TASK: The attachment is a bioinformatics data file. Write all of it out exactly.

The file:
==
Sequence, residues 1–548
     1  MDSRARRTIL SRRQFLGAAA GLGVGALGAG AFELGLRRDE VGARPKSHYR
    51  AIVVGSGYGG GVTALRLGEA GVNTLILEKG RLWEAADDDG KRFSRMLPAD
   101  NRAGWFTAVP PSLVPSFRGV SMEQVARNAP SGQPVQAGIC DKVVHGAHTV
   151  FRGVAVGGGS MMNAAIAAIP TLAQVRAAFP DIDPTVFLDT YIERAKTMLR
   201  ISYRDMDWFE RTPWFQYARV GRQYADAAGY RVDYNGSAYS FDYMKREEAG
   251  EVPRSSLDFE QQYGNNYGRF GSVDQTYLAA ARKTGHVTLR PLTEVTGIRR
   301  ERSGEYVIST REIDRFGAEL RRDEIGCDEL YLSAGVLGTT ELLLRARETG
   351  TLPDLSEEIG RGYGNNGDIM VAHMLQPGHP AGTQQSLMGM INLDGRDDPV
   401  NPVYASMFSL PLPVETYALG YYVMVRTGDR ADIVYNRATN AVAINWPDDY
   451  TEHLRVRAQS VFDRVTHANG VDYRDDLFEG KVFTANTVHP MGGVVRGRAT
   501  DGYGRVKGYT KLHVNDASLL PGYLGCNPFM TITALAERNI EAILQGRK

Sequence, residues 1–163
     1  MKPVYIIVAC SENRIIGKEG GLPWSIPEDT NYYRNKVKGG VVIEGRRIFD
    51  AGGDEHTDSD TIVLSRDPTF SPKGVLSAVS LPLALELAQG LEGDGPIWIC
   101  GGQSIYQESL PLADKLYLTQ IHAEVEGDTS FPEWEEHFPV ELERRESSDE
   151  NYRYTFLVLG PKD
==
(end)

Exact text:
Sequence, residues 1–548
     1  MDSRARRTIL SRRQFLGAAA GLGVGALGAG AFELGLRRDE VGARPKSHYR
    51  AIVVGSGYGG GVTALRLGEA GVNTLILEKG RLWEAADDDG KRFSRMLPAD
   101  NRAGWFTAVP PSLVPSFRGV SMEQVARNAP SGQPVQAGIC DKVVHGAHTV
   151  FRGVAVGGGS MMNAAIAAIP TLAQVRAAFP DIDPTVFLDT YIERAKTMLR
   201  ISYRDMDWFE RTPWFQYARV GRQYADAAGY RVDYNGSAYS FDYMKREEAG
   251  EVPRSSLDFE QQYGNNYGRF GSVDQTYLAA ARKTGHVTLR PLTEVTGIRR
   301  ERSGEYVIST REIDRFGAEL RRDEIGCDEL YLSAGVLGTT ELLLRARETG
   351  TLPDLSEEIG RGYGNNGDIM VAHMLQPGHP AGTQQSLMGM INLDGRDDPV
   401  NPVYASMFSL PLPVETYALG YYVMVRTGDR ADIVYNRATN AVAINWPDDY
   451  TEHLRVRAQS VFDRVTHANG VDYRDDLFEG KVFTANTVHP MGGVVRGRAT
   501  DGYGRVKGYT KLHVNDASLL PGYLGCNPFM TITALAERNI EAILQGRK

Sequence, residues 1–163
     1  MKPVYIIVAC SENRIIGKEG GLPWSIPEDT NYYRNKVKGG VVIEGRRIFD
    51  AGGDEHTDSD TIVLSRDPTF SPKGVLSAVS LPLALELAQG LEGDGPIWIC
   101  GGQSIYQESL PLADKLYLTQ IHAEVEGDTS FPEWEEHFPV ELERRESSDE
   151  NYRYTFLVLG PKD